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Peripheral displays may require higher attention allocation compared to centered displays. This study investigated how cognitive load with peripheral dual-tasking affected gait variability in healthy young adults compared to centered dual-tasking. Eleven healthy young adults (23.8±1.25 years) participated in the experiment. Participants performed three trials of three different tests while walking on the treadmill. The tasks were randomly assigned as i) normal walking without dual tasking, ii) walking with a centered cognitive arithmetic test or centered dual-tasking (DTC) and iii) walking with peripheral cognitive arithmetic test or peripheral dual-tasking (DTP). Gait parameters were evaluated for all three task conditions. We found step width significantly increased during DTP compared to the control walking condition (p<0.05). Our results revealed that DTP was challenging even for healthy young adults and thus leading to adaptations in step width. Our results show that DTP has clinical diagnostic values in revealing subtle gait deviations and can potentially be used to assess Parkinson’s disease and post-concussion disorders.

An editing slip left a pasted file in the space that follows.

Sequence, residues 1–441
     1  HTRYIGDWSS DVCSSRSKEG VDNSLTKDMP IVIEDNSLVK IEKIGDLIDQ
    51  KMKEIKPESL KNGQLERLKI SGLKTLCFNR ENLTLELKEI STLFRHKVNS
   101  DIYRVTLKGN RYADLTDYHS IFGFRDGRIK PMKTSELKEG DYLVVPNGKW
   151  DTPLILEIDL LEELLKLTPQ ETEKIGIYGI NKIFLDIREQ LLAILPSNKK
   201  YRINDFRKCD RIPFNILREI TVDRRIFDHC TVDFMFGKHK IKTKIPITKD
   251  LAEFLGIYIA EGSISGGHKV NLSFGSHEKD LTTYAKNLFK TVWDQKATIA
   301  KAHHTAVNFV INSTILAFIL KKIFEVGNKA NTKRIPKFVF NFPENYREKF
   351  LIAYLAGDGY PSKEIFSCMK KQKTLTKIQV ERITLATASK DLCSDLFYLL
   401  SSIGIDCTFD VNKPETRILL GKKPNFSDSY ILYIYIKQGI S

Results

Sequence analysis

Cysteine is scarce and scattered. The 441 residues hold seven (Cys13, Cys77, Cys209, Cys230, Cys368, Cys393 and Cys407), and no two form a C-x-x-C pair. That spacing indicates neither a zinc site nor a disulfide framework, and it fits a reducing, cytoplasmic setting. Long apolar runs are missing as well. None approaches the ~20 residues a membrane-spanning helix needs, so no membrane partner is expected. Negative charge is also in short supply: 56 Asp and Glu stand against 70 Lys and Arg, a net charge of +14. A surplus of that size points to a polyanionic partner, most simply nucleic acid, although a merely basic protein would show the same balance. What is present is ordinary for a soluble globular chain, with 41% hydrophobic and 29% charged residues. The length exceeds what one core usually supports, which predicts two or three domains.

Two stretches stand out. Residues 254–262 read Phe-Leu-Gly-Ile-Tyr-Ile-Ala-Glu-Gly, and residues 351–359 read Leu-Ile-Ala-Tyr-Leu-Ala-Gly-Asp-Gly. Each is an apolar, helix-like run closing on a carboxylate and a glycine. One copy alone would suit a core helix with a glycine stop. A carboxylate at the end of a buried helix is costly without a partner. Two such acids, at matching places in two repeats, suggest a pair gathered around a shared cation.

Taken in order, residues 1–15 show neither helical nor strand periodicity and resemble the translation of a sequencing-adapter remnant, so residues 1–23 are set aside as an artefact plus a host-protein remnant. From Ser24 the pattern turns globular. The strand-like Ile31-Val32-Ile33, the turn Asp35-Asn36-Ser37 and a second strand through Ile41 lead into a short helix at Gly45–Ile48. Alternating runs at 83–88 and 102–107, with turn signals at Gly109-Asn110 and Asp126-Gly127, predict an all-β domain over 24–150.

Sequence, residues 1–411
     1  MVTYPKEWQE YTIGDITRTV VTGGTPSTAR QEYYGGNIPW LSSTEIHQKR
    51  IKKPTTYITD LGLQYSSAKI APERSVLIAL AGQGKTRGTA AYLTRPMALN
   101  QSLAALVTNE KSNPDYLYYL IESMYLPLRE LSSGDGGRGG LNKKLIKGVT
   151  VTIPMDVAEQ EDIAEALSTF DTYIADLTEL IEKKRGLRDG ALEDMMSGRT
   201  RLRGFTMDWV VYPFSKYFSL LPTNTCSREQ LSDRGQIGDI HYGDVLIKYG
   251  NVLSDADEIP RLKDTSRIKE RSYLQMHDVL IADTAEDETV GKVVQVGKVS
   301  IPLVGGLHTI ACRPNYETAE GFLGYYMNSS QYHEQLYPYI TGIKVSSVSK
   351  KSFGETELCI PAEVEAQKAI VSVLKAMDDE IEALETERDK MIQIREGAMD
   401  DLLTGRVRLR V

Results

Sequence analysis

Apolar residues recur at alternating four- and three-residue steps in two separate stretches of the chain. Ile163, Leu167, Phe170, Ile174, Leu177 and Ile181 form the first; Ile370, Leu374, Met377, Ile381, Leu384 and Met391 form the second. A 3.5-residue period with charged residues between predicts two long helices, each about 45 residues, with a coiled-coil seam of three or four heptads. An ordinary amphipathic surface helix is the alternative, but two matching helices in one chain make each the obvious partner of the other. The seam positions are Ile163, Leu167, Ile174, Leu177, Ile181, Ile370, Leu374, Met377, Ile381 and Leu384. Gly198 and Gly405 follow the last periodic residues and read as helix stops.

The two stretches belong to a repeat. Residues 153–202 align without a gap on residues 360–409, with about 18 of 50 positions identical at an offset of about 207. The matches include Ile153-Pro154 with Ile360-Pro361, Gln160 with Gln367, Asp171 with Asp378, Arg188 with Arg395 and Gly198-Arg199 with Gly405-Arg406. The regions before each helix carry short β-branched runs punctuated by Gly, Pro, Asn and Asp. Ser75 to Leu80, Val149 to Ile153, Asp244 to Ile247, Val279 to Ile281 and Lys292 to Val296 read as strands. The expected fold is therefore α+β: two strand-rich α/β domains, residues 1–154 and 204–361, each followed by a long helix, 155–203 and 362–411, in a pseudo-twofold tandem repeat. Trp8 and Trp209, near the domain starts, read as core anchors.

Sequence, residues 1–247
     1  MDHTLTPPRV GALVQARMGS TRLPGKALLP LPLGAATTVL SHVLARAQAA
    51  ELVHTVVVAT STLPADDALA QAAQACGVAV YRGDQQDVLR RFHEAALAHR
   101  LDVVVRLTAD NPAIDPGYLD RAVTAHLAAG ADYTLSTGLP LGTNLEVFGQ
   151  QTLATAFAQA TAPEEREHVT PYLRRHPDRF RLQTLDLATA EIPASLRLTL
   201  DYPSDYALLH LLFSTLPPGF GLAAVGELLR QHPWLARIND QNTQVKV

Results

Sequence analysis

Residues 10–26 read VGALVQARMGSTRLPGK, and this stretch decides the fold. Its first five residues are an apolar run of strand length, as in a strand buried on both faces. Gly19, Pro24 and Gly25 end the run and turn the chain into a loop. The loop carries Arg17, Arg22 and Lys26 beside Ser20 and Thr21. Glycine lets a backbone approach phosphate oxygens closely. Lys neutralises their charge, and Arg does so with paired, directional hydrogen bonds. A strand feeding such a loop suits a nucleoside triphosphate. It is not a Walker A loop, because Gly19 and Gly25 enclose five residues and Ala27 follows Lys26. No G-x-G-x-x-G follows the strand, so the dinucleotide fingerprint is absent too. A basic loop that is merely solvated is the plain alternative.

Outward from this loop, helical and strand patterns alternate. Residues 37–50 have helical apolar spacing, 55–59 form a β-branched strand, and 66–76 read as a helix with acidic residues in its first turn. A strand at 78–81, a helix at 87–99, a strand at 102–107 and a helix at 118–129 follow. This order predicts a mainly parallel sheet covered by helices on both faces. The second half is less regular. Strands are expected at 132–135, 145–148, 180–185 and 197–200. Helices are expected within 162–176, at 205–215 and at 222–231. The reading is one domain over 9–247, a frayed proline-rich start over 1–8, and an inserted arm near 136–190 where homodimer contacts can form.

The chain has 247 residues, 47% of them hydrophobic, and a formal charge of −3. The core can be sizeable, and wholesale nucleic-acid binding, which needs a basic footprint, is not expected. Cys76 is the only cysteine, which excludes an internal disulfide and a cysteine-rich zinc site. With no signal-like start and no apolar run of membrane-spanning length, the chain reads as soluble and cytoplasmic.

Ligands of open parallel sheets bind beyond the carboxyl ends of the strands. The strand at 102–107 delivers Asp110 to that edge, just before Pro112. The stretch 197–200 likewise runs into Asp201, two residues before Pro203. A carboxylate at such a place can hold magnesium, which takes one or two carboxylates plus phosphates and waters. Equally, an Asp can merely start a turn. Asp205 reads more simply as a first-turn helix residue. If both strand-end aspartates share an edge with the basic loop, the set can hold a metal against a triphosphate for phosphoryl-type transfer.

This article was originally published in Proceedings of the Human Factors and Ergonomics Society Annual Meeting, volume 66, issue 1, in 2022.


Human Factors and Ergonomics Society



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